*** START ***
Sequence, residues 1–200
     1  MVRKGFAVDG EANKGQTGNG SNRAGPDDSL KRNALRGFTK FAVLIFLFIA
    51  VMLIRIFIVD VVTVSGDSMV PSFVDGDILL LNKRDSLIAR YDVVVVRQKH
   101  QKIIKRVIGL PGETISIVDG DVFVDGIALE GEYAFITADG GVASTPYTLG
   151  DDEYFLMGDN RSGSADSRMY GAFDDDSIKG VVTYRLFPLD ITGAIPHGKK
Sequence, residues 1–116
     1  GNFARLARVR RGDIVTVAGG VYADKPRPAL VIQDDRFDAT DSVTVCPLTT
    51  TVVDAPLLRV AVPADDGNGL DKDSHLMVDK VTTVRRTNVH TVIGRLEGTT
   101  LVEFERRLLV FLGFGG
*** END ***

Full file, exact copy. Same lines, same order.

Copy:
Sequence, residues 1–200
     1  MVRKGFAVDG EANKGQTGNG SNRAGPDDSL KRNALRGFTK FAVLIFLFIA
    51  VMLIRIFIVD VVTVSGDSMV PSFVDGDILL LNKRDSLIAR YDVVVVRQKH
   101  QKIIKRVIGL PGETISIVDG DVFVDGIALE GEYAFITADG GVASTPYTLG
   151  DDEYFLMGDN RSGSADSRMY GAFDDDSIKG VVTYRLFPLD ITGAIPHGKK
Sequence, residues 1–116
     1  GNFARLARVR RGDIVTVAGG VYADKPRPAL VIQDDRFDAT DSVTVCPLTT
    51  TVVDAPLLRV AVPADDGNGL DKDSHLMVDK VTTVRRTNVH TVIGRLEGTT
   101  LVEFERRLLV FLGFGG